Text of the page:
Each New Year resolutions are made and many are broken. I think that a lot of people would agree when I say, whether it’s the new year or mid year, it's difficult to maintain a sense of momentum and forward progression. Why is it so much of an uphill battle to maintain our intentions? To quote my movement teacher Edward Yu, “Why does trying harder sometimes become an exercise in futility? Why does following ‘expert advice’ often lead to little or no improvement?”

        Maybe some of it can be attributed to how our culture views motivation. A motive driven by a fear or lack seems to leave a depressing taste in the air. Even though there are glimpses of an open sky, something ends up derailing consistent progress. It’s probably because we have to live with a drill sergeant on our shoulder. I sure don’t want that guy hanging out all the time. I wanted to be excited about healing and exercise, the way I am excited about riding waves, hanging with friends or playing music. I wondered if it was too much to ask. Is it possible to combine playing and healing into a joyful anticipated event?

I wanted to be excited about healing and exercise, the way I am excited about riding waves, hanging with friends or playing music. I wondered if it was too much to ask. Is it possible to combine playing and healing into a joyful anticipated event?”

 

        Something curious happened since I posed these questions. I credit the Smartroller® for a large portion of this change because I started to love my time exploring movement. It happened when I made a dedication to feeling good as opposed to solely focusing on the outcome. There was room to breathe, and room to make mistakes. There was no self judgment, just following what felt good. The landscape of my body and how it moved became an amazing gift.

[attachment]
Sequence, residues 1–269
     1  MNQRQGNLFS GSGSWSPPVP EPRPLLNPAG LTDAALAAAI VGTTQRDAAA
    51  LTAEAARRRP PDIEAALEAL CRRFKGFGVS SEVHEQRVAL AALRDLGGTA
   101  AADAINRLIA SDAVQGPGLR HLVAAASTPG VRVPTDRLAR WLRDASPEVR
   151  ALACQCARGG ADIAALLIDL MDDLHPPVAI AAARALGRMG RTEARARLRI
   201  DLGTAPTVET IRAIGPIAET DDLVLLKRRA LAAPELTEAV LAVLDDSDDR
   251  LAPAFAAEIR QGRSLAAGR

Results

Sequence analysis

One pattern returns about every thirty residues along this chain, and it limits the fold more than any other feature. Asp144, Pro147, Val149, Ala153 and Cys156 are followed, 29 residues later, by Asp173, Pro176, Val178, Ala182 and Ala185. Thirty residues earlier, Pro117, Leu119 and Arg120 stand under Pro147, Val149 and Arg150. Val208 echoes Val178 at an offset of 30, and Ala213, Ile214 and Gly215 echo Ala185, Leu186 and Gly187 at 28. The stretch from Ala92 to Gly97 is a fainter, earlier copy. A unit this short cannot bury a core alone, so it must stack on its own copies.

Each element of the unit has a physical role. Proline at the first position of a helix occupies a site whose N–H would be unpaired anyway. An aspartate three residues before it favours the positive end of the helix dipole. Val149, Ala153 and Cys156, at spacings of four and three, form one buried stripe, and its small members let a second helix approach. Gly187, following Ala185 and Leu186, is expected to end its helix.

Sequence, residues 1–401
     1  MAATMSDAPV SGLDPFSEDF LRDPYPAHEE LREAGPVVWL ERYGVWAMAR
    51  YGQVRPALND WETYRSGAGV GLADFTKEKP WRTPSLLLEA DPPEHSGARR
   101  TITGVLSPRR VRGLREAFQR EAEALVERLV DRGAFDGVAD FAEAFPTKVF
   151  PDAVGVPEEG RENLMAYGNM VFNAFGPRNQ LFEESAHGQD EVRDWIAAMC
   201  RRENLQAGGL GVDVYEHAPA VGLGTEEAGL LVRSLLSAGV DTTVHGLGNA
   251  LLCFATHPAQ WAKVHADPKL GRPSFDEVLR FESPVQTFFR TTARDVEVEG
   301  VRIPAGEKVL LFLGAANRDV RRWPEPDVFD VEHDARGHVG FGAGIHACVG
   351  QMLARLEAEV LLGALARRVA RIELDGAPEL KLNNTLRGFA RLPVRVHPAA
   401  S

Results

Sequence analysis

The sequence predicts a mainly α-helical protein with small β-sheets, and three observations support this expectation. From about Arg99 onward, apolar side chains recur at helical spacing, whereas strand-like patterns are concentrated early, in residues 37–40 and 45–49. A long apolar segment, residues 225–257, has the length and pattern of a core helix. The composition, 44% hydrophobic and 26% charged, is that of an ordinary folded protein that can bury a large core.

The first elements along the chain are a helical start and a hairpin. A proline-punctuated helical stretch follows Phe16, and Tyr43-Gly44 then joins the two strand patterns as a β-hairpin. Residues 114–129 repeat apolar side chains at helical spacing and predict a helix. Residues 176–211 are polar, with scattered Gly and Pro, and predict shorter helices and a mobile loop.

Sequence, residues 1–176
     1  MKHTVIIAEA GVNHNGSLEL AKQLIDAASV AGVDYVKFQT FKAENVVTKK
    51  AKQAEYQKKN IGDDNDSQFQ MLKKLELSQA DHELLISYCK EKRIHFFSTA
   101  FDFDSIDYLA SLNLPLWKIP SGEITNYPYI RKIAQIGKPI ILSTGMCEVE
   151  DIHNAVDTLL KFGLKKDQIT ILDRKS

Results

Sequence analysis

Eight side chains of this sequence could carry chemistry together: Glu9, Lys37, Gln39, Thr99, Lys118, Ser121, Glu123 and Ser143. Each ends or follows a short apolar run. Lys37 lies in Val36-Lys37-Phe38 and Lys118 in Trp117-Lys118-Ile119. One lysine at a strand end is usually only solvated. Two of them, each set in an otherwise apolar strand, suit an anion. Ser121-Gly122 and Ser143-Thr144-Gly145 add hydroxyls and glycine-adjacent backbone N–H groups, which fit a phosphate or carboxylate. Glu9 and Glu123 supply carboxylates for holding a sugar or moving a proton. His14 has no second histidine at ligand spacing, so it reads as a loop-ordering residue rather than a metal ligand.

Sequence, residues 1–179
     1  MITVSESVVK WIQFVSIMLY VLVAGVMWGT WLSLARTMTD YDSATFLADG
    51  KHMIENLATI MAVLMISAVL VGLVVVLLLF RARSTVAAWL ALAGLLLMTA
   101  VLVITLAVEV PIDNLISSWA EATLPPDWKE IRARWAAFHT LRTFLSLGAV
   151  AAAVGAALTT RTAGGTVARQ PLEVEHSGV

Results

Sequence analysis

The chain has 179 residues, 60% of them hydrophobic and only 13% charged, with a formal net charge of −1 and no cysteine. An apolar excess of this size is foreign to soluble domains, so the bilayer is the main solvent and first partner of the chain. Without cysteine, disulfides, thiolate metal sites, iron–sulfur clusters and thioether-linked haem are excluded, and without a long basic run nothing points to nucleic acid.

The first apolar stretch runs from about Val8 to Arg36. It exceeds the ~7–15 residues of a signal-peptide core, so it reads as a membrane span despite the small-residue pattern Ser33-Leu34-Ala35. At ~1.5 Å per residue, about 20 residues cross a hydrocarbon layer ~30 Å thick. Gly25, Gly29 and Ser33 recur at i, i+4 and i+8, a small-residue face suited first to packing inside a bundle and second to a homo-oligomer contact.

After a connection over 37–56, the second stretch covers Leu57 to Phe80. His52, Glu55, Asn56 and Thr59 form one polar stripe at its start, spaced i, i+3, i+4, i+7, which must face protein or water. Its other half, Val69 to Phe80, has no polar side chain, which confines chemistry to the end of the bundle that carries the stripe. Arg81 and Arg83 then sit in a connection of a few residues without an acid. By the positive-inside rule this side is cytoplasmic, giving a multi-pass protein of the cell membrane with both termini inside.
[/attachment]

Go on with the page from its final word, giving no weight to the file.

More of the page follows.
Practice started simple. I told myself "only when I genuinely wanted to." Starting to let go of the familiar voice saying, “I should get on the Smartroller”. That was the same internal voice saying “I should work out.” I started giving credit to the voice that said no. Maybe he knew what he was saying. The more I jumped on it when my body wanted it, the more I wanted to be on it. Without any external motivation necessary, I was on the roller much more often. Now, many times a day, my family will find me on the Smartroller, not because my Physical Therapist/ Feldenkrais teacher told me to (happens to be my mother, Stacy, the inventor), but because I include it in my entertainment section of life. 

Slowly the images of what it’s supposed to look like, how it's supposed to feel, what I’m supposed to do, how long I’m supposed to practice... all fell away. What gave rise was an intelligence of good feeling, which began to guide proper alignment and equal distribution of effort without any textbooks or teachers. All the things I had been told about."

Slowly the images of what it’s supposed to look like, what it’s supposed to feel like, what I’m supposed to do, how long I’m supposed to practice... all fell away. What gave rise was an intelligence of good feeling, which began to guide proper alignment and equal distribution of effort without any textbooks or teachers. All the things I had been told about.”

       

Now, it wasn’t just the Smartroller that did this, but the way in which I approached my time with it. What my mind brought to the table was reflected in it’s outcomes. It’s true affect is seen throughout time. As canyons are carved by the flow of water, so does relaxed, joyous and continuous movements remold the body. Great difficulties are sometimes best dealt with by an accumulation of small actions. Enjoy it, that’s what it’s here for. And who knows, maybe other life changes are simultaneously under the surface."